Internal pressure and/or heat are then applied to the ball bat 10 to co-cure or co-mold the layers of the ball bat 10, the metal sleeve 22, and/or the metal insert 30 or cap retention device 40 together. This co-curing process allows the composite, or other non-metal, material to encapsulate the metal sleeve 22 and/or the metal insert 30 or cap retention device 40, making them integral parts of the bat handle 12 and/or the bat barrel 14. Once the co-curing process is complete, and the bat 10 has sufficiently cooled, a metal knob 18 is welded or otherwise attached (e.g., by screwing or pinning) to the metal sleeve 22, as described above. If a metal insert 30 is co-cured with the bat barrel 14, a metal barrel cap 20 is subsequently welded or otherwise attached to the metal insert 30, as described above. If a cap retention device 40 is co-cured with the bat barrel 14, a plastic, or other suitable material, cap 20′ is subsequently snapped onto or otherwise attached to the cap retention device 40, as described above.

In an alternative method of constructing the ball bat 10, the layers of the ball bat 10 are cured before the metal sleeve 22 and/or the metal insert 30 or cap retention device 40 are placed, slipped, or arranged on the ball bat 10. After the ball bat 10 has been cured and has sufficiently cooled, the metal sleeve 22 and/or the metal insert 30 or cap retention device 40 are positioned on the bat handle 12 or bat barrel 14, respectively, and are then bonded thereto with an adhesive, epoxy, or other suitable bonding agent. The metal knob 18 is then attached to the metal sleeve 22, and/or the metal cap 20 or plastic cap 20′ is attached to the metal insert 30 or cap retention device 40, as described above. The co-curing methods are preferred over the post-mold bonding methods, however, because the metal sleeve 22 and/or the metal insert 30 or cap retention device 40 become integrated with or encapsulated by the composite (or other non-metal) handle 12 or barrel 14 during the co-curing methods, which provides a stronger integration than the post-mold bonding attachment methods.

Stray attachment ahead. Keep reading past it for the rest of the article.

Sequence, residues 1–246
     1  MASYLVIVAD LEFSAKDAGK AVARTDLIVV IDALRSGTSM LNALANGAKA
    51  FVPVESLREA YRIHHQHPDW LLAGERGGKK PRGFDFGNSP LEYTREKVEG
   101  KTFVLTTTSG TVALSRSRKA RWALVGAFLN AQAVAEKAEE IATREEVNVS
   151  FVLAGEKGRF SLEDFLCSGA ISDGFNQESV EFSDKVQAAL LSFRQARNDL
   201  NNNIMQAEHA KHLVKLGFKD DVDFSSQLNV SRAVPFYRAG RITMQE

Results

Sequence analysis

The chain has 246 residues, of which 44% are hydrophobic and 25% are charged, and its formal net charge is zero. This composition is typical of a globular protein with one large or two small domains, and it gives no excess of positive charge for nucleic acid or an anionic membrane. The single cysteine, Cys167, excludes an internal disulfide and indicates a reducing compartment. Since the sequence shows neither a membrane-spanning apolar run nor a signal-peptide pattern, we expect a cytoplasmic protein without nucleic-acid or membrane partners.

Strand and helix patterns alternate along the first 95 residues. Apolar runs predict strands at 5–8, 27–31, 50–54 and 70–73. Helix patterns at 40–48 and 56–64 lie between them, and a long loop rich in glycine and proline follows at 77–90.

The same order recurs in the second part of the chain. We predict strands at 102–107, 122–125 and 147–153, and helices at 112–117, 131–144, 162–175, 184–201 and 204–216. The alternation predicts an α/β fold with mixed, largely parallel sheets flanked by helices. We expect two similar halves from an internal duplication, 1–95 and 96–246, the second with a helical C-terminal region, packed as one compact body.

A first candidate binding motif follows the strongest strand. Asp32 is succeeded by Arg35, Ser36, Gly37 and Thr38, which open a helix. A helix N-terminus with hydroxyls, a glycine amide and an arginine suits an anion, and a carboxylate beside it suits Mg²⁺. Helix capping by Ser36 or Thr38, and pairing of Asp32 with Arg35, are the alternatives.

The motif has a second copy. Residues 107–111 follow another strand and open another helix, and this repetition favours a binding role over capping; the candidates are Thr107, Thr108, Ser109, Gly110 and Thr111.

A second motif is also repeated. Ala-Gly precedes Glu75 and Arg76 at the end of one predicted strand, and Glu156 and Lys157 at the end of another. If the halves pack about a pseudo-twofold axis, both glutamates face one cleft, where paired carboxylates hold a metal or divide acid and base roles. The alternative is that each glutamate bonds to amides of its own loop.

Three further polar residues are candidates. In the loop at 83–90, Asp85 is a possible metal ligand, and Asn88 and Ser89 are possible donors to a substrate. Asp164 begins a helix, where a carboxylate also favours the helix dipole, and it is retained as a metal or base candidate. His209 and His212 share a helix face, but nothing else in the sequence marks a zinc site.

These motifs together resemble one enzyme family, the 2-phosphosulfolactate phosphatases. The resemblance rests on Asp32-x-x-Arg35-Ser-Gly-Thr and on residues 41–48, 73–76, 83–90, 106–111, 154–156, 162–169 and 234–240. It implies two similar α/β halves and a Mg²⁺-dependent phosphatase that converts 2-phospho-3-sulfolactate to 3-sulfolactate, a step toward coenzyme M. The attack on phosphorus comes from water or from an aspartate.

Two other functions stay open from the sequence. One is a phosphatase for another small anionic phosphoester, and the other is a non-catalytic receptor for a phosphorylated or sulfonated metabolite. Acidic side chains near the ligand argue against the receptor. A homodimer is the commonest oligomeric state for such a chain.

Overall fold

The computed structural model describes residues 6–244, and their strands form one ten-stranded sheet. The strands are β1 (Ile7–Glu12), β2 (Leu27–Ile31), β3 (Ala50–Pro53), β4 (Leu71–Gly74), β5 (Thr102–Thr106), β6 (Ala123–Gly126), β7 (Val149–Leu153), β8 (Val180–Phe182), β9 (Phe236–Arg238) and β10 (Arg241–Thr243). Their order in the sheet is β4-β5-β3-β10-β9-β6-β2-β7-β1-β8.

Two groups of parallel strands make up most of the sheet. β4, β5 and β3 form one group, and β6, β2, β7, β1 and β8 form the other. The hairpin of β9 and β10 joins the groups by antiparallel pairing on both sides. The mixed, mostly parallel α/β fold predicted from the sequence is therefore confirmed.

The ball bat 10 described herein provides a more durable knob 18 and/or barrel cap 20 or 20′ than that which is typically used on a composite, or other non-metal, ball bat. Additionally, the manufacturing costs and/or manufacturing time associated with the ball bat 10 are reduced, since the metal knob 18 and/or the metal cap 20 or plastic cap 20′ may be attached via welding (or snapping, in the case of the plastic cap 20′), as opposed to using pins or screws, which is typically costly and time-consuming. Furthermore, the undesirable weight provided by pins or screws is avoided when the metal knob 18 and/or the metal cap 20 or plastic cap 20′ are attached via welding or snapping.

Thus, while several embodiments have been shown and described, various changes and substitutions may of course be made, without departing from the spirit and scope of the invention. The invention, therefore, should not be limited, except by the following claims and their equivalents.

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Referenced by
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Classifications
U.S. Classification473/167, 473/166
International ClassificationA63B59/06, A63B59/18
Cooperative ClassificationA63B2209/02, A63B59/06
European ClassificationA63B59/06